Our society has undergone deep transformation with the boom of information and communication technologies. Work is no longer subject to the constraints of space: nomad workers, home workers, around-the-clock teams - leveraging time differences to work 24 hours a day, virtual teams, or simply teams scattered around the country…
Whereas remote management might have been considered as a « second best » solution in its beginnings, it is now the compelling configuration of our organisations in the « global village » because of the fabulous access it gives us to markets, materials and human resources all around the world.
The new ways of working together that these technologies allow have jostled many aspects of management: trust and control, freedom and autonomy, team feeling and the risk of isolation. Here are a few directions for thought and action.
The essence of management: the human factor
Remote teamwork can sometimes appear as a technophile’s fantasy. We are all aware of the possibilities offered by these tools: recent figures show that remote work generates a rise in productivity and a decrease in absenteeism . But many managers feel wary about the use of these tools in their managerial tasks: how can you organize high-level performance in your team, monitor and motivate remote team-members? The profusion of communication and team-working tools highlights the need for good management skills.
One of the main worries of a manager is how to coordinate the team efficiently when time and space are fragmented. For me, it is essential for the team to have a « heartbeat », a regular rhythm of contact times: is there a weekly slot where all the team can meet, taking into account differences in time zones and working hours?
Coordination also means setting up the « rules of the game » for the team: these are the set of behaviours, authorized or required, that contribute to individual and team efficiency. They bear upon questions that remote team-members might have: am I allowed to...? What is the usual way to ...? They are thought up on the basis of problems encountered by team-members and are the foundation of trust in a remote team.
E-mail and remote team misery
The best area for building team rules is the use of e-mail, which has become a source of misery for many remote teams. Overuse of email can be a symptom of a dysfunctional team. Atos has decided to stop the use of e-mail internally , a sign of the risk of inefficiency that this communication tool can generate.
The codes for politeness in writing letters are clear (although they can be rather quaint, as in French « I beg you to accept, dear Sir, Madam, the expression of my highest consideration... »). When it comes to e-mail writing, « netiquette » rules are uncertain. In addition to identifying the communication habits that are to be encouraged in the team, it is useful to set rules about C.C. and response times to reduce typical pain points in remote teamwork.
The temptation to reduce management to simply supervising team activity is strong. The tools can create the illusion that by dint of e-mails, screen sharing and other forms of file sharing, you can effectively manage your team. On the contrary, it is essential to bring to light the human dimension of teamwork and compensate what is lacking due to distance. How can you catalyse a group of human beings, project contributors, team-workers, experts in a network, when they don’t share some place together? What can you set up for them so that they have access to the benefits of informal moments at work?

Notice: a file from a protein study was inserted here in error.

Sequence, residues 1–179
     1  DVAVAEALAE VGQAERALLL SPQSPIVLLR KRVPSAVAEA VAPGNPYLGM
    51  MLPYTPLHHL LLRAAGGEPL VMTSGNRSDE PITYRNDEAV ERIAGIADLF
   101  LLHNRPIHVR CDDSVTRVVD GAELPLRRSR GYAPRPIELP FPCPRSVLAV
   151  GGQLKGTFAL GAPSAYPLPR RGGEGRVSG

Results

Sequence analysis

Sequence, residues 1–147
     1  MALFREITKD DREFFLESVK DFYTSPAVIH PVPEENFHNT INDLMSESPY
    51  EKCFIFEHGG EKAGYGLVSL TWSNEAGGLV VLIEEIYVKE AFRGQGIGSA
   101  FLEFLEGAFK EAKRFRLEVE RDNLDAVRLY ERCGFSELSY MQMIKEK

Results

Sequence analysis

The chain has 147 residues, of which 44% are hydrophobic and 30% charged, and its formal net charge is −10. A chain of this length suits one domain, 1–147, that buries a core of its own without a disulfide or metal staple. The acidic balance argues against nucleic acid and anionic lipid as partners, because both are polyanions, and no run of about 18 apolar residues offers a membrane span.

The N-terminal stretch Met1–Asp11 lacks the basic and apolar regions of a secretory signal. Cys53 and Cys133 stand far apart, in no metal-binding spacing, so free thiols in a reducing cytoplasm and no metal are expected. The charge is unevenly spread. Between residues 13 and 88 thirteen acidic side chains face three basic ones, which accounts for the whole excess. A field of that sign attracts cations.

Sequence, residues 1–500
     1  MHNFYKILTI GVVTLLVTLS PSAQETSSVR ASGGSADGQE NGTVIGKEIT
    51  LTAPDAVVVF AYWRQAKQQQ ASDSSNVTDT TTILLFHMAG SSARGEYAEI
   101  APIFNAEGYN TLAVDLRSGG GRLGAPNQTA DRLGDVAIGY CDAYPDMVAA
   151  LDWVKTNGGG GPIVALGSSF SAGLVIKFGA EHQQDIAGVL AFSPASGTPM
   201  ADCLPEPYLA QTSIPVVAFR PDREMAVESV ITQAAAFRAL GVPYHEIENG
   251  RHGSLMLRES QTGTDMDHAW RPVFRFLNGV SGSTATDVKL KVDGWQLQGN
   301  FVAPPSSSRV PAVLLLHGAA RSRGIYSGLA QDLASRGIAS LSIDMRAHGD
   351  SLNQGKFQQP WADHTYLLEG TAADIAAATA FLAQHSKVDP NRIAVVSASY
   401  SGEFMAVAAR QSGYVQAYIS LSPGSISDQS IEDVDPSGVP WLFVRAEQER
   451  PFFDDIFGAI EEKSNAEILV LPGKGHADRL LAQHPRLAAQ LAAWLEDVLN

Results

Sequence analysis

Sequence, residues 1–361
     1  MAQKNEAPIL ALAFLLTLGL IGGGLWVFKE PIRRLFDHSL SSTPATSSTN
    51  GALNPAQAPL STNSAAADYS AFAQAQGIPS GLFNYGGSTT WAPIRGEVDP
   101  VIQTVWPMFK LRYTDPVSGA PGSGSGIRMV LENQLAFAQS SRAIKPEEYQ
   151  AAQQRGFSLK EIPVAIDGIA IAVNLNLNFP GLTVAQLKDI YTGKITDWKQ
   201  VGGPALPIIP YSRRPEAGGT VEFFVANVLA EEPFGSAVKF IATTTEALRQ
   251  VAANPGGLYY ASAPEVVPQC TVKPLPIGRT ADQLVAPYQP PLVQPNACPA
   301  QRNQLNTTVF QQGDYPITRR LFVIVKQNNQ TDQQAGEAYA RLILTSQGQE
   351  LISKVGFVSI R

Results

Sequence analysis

Planning informal communication
Remote managers need to think of opportunities for informal communication: you need to create a « virtual coffee machine »! (Americans refer to a « virtual water cooler »). What happens there? People get to know each other through small talk, they share ideas on the spur of the moment, or they solve minor emergencies. In your remote team, it can take the shape of an item on the weekly meeting agenda (« Any other business »), a corporate social network, meeting rituals such as including 5 minutes at the beginning of your Skype meeting to talk about the weather, literally, in the places where the meeting participants are seated. It is a way of giving signs of recognition and taking into account remote environments.
Giving up the idea of omnipresence
Many managers want to compensate not being at the side of their employees by being available 24 hours a day. That manager needs to learn to give up the idea of being omnipresent and set up a system that s/he is no longer the centre of. Sharing an online calendar with the team that shows the manager’s availabilities is useful.
Remote managers are managers who need to be good at delegating. They should encourage discussions between their employees through workgroups, working in twos, mentoring, organizing back-ups. By setting up processes about how information circulates, clarifying roles and responsibilities, identifying talents and expertise, the manager’s standpoint evolves from being a communication hub to becoming a control tower.
Time will tell if Digital natives will be better managers than their parents were. Indeed it is not mastering communication technology that makes a good remote manager - nor is it hierarchical power, which turns out to be less effective in remote organisations. This type of management requires more preparation and thought given to what managing consists in concretely, explicitly including the interpersonal dimension.
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